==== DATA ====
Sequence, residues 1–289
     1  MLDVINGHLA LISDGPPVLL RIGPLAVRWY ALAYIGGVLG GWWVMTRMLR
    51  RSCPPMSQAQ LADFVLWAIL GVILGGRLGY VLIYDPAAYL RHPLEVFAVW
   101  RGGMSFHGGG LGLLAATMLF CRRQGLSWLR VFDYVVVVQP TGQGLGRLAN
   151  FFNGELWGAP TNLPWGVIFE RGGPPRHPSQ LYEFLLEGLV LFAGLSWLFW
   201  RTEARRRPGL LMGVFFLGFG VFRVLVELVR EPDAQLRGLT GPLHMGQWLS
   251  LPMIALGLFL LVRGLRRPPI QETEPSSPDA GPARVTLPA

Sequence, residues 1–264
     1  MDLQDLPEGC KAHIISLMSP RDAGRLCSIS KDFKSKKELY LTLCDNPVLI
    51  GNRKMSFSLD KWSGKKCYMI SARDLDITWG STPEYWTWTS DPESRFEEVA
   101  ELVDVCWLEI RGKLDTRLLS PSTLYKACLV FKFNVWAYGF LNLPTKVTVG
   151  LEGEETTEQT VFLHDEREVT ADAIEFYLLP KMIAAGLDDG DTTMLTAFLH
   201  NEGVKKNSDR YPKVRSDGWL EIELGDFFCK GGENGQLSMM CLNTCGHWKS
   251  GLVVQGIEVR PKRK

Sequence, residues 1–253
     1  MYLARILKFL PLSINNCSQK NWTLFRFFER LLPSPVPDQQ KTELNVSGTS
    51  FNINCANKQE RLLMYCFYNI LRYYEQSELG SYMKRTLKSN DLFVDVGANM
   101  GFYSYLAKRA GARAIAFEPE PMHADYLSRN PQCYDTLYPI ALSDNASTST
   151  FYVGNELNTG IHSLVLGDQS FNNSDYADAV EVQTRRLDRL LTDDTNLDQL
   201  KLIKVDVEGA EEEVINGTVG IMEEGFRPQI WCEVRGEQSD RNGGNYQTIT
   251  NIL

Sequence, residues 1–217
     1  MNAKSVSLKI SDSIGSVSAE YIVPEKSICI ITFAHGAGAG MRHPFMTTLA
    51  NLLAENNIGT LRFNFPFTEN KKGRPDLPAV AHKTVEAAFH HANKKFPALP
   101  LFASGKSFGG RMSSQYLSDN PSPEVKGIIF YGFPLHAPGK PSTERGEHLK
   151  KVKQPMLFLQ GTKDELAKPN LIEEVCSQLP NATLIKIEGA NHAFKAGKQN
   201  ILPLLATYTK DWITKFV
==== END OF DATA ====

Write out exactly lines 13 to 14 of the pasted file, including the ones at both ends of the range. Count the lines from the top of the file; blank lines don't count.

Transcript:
   201  NEGVKKNSDR YPKVRSDGWL EIELGDFFCK GGENGQLSMM CLNTCGHWKS
   251  GLVVQGIEVR PKRK